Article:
Thursday, January 2, 2014

Lessons from Apple Sailboats

I was reminded of an important art lesson… while making my son apple sailboats. It wasn't the toothpicks, scrapbook paper or apple slices that spoke to me, but rather the little assembly line I made of it. I was forced to make eight slices per our apple slicer and it made me grow in my creativity. Okay, nothing huge, I went from making squares to rectangles to parallelogons (narrower at the top) to flags. Having to make several of these, I had the freedom to innovate.

Specialization nurtures creativity. 

Making several of the same thing forces you to move on to new ideas for fear of boredom as you become more and more familiar with your subject matter. It's how Picasso was able to become a cubist: after mastering the human body, he could deconstruct it. It's how the best avant-garde artists began with traditional styles. And they kept exploring their subject, their focus.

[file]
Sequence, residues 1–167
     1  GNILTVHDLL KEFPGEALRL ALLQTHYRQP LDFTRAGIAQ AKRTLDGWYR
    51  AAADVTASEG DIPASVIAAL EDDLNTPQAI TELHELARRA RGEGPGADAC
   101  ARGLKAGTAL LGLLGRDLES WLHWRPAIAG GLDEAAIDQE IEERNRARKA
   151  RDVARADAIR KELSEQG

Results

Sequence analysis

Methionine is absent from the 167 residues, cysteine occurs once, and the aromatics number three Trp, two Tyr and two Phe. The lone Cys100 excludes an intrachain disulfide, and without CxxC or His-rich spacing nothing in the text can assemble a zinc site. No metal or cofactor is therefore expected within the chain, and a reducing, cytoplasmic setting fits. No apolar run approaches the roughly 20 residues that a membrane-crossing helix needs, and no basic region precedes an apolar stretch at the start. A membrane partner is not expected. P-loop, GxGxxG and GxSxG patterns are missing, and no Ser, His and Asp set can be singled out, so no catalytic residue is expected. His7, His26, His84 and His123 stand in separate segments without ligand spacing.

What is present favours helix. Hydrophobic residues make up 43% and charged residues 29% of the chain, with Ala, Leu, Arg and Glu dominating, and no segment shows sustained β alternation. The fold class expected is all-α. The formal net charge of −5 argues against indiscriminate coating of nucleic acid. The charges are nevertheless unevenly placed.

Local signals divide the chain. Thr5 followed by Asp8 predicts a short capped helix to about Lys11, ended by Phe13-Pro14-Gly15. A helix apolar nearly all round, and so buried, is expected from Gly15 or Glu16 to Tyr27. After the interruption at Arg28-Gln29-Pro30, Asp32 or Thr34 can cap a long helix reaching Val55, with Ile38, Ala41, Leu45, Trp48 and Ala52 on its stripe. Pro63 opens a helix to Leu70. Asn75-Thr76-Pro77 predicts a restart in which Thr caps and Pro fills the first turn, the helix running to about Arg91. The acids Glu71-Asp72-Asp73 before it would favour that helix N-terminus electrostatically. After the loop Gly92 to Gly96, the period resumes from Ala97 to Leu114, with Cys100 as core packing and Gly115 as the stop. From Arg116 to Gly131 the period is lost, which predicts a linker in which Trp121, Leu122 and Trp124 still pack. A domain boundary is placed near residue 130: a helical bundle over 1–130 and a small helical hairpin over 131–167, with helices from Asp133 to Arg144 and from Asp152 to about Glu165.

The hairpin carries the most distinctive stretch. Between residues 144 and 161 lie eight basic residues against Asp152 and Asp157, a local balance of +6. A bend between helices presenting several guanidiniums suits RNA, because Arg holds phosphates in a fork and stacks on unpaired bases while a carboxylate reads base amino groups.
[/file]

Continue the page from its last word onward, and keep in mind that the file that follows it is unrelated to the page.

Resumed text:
We creatives are too quick to change from one subject to the next… I suppose it's that same fear of boredom! But working through it can bring key creative discoveries. And that's what I learned from making apple sailboats this morning. 

Happy New Year!